Death and Wings of Kindness – Wm. King, 14 of 28

More death.

Toward the end of the first year after the couple arrived in Edinburgh Mary King gave birth to a daughter. Not long after Mrs. King began to show symptoms of consumption. William King details in his autobiography how he cared for her and how he got a wet nurse for the child. But his wife was to die Feb. 25, 1846. “After the death of my wife my whole affection was placed on the Child now left the last of my family and the very image of her Mother, her playful innocence had drawn my affection strongly towards her. On coming from the Class she would stretch out her arms as soon as she saw me enter the door, to leave her nurse and come to me and quite contented when she got on my knee… My child who was growing well with her wet nurse was taken suddenly on the fifth of May with Hydrocephalus or water in the head and died on the ninth of May.”

Dr. and Mrs. Chalmers were to take William King under their wings. He often breakfasted with them, especially on Wednesday mornings when they held public breakfasts for the many guests who would call upon the president of the college and head of the church.  “A great deal of information was obtained at those breakfasts; as the guests were men of learning and from all parts of the world.”

Who would you like to sit down to breakfast with?

3 thoughts on “Death and Wings of Kindness – Wm. King, 14 of 28

  1. I would honestly like to have breakfast Lucretia Mott and someone very funny. Robin Williams would probably intimidate me, but he’d be pretty unpredictable.

  2. I would love to have breakfast with George Beverly Shea. At the time I was the Chairperson for Evangelism for the Methodist Church in Central New York. It was during a Billy Graham Crusade in Syracuse, NY. I was in a hotel for a morning Evangelism meeting when down came Mr. Shea. I went up to him as he was at the desk and introduced myself as Rev. Stephen Shay. He looked at me and said, “Maybe we are related!” He invited me to have breakfast with him and his wife. Just as we headed off toward the the restaurant several folks I had been waiting for came into the lobby. I excused myself to go to the meeting, and he said, “I guess I owe you one then!” He was from Winchester, Ontario, Canada where his father was the pastor of the Winchester Wesleyan Church. Later, I became a Wesleyan Pastor and planted a Wesleyan Church near there and was given a small wooden communion set used by his Pastor father in the Winchester Wesleyan Church. Small world. George Beverly Shea died April 16, 2013. Maybe I will still have breakfast with him someday.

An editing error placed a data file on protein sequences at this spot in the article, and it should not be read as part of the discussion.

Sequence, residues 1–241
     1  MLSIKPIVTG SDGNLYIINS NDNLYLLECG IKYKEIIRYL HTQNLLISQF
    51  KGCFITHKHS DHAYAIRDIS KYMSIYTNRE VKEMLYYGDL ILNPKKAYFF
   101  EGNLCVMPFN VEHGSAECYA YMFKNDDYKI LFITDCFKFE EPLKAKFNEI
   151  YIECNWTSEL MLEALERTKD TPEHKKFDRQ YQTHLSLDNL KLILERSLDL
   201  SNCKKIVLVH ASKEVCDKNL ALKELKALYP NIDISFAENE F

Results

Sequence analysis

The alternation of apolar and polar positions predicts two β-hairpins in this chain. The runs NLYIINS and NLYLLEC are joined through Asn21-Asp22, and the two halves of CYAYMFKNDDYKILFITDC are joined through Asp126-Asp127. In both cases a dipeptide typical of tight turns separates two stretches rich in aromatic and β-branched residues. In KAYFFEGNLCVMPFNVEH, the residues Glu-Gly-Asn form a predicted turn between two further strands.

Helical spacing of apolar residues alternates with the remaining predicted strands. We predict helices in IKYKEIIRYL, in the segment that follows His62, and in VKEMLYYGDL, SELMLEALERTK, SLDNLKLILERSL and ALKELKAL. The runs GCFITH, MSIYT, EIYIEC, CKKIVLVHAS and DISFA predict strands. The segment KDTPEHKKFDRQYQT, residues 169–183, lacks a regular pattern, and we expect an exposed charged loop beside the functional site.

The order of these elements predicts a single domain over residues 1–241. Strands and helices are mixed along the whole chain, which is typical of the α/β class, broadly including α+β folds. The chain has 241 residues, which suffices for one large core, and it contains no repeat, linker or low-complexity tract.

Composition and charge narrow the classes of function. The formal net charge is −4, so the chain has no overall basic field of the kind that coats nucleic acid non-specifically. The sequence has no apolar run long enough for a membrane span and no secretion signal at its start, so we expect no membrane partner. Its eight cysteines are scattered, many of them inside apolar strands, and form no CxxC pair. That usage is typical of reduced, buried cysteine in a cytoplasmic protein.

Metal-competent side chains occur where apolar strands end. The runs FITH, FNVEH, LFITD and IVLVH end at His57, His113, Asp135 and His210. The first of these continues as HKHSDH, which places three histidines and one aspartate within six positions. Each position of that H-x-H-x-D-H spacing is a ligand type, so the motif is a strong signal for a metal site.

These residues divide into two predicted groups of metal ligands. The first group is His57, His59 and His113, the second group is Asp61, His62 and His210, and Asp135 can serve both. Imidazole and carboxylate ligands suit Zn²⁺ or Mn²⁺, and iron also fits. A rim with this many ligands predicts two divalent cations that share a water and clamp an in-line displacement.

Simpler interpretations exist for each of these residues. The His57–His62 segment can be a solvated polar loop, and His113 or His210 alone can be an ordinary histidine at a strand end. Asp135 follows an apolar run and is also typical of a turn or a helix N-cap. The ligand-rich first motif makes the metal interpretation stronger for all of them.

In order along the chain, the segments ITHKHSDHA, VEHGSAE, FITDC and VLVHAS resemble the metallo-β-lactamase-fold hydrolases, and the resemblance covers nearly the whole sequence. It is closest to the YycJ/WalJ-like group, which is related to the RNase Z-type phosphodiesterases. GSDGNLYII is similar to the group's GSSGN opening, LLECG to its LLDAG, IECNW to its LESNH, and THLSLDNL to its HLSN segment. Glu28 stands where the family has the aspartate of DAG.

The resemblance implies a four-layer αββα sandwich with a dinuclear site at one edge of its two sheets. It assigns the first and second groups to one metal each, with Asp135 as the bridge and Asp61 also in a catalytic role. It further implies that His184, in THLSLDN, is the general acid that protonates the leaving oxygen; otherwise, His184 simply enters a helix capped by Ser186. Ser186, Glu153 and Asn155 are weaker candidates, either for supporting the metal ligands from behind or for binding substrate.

3. I would love to have breakfast with my mother who died 23 years ago. Now that I am older, I would love to be able to talk to her about what her life was like when she was in her 50’s. And perhaps now I would be able to meet her as a person, rather than only see her in her role as my mother. And I would appreciate a little more how important sharing breakfast can be.

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